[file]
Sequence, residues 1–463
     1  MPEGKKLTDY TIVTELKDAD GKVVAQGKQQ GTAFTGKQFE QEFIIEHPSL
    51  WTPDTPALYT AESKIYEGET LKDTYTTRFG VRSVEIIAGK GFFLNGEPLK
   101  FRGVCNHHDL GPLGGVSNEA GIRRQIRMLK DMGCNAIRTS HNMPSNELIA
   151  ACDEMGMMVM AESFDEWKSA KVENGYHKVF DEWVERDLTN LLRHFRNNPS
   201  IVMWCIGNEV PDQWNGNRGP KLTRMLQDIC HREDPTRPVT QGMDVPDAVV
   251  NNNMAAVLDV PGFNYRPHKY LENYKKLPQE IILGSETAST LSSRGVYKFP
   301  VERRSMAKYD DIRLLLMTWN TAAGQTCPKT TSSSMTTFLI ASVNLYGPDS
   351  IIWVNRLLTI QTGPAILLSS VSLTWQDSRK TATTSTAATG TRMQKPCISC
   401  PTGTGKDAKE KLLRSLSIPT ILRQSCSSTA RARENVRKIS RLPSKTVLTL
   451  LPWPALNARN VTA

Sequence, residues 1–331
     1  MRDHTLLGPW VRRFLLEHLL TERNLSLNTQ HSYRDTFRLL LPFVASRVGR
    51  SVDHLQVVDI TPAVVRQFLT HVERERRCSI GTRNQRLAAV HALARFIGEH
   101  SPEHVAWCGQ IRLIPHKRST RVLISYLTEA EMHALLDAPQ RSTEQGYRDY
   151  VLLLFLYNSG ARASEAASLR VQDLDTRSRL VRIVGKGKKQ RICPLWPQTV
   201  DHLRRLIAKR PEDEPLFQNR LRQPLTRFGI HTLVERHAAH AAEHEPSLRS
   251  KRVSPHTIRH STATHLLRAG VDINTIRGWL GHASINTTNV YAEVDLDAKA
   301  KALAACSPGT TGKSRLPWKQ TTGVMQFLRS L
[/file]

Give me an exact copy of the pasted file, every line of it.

Sequence, residues 1–463
     1  MPEGKKLTDY TIVTELKDAD GKVVAQGKQQ GTAFTGKQFE QEFIIEHPSL
    51  WTPDTPALYT AESKIYEGET LKDTYTTRFG VRSVEIIAGK GFFLNGEPLK
   101  FRGVCNHHDL GPLGGVSNEA GIRRQIRMLK DMGCNAIRTS HNMPSNELIA
   151  ACDEMGMMVM AESFDEWKSA KVENGYHKVF DEWVERDLTN LLRHFRNNPS
   201  IVMWCIGNEV PDQWNGNRGP KLTRMLQDIC HREDPTRPVT QGMDVPDAVV
   251  NNNMAAVLDV PGFNYRPHKY LENYKKLPQE IILGSETAST LSSRGVYKFP
   301  VERRSMAKYD DIRLLLMTWN TAAGQTCPKT TSSSMTTFLI ASVNLYGPDS
   351  IIWVNRLLTI QTGPAILLSS VSLTWQDSRK TATTSTAATG TRMQKPCISC
   401  PTGTGKDAKE KLLRSLSIPT ILRQSCSSTA RARENVRKIS RLPSKTVLTL
   451  LPWPALNARN VTA

Sequence, residues 1–331
     1  MRDHTLLGPW VRRFLLEHLL TERNLSLNTQ HSYRDTFRLL LPFVASRVGR
    51  SVDHLQVVDI TPAVVRQFLT HVERERRCSI GTRNQRLAAV HALARFIGEH
   101  SPEHVAWCGQ IRLIPHKRST RVLISYLTEA EMHALLDAPQ RSTEQGYRDY
   151  VLLLFLYNSG ARASEAASLR VQDLDTRSRL VRIVGKGKKQ RICPLWPQTV
   201  DHLRRLIAKR PEDEPLFQNR LRQPLTRFGI HTLVERHAAH AAEHEPSLRS
   251  KRVSPHTIRH STATHLLRAG VDINTIRGWL GHASINTTNV YAEVDLDAKA
   301  KALAACSPGT TGKSRLPWKQ TTGVMQFLRS L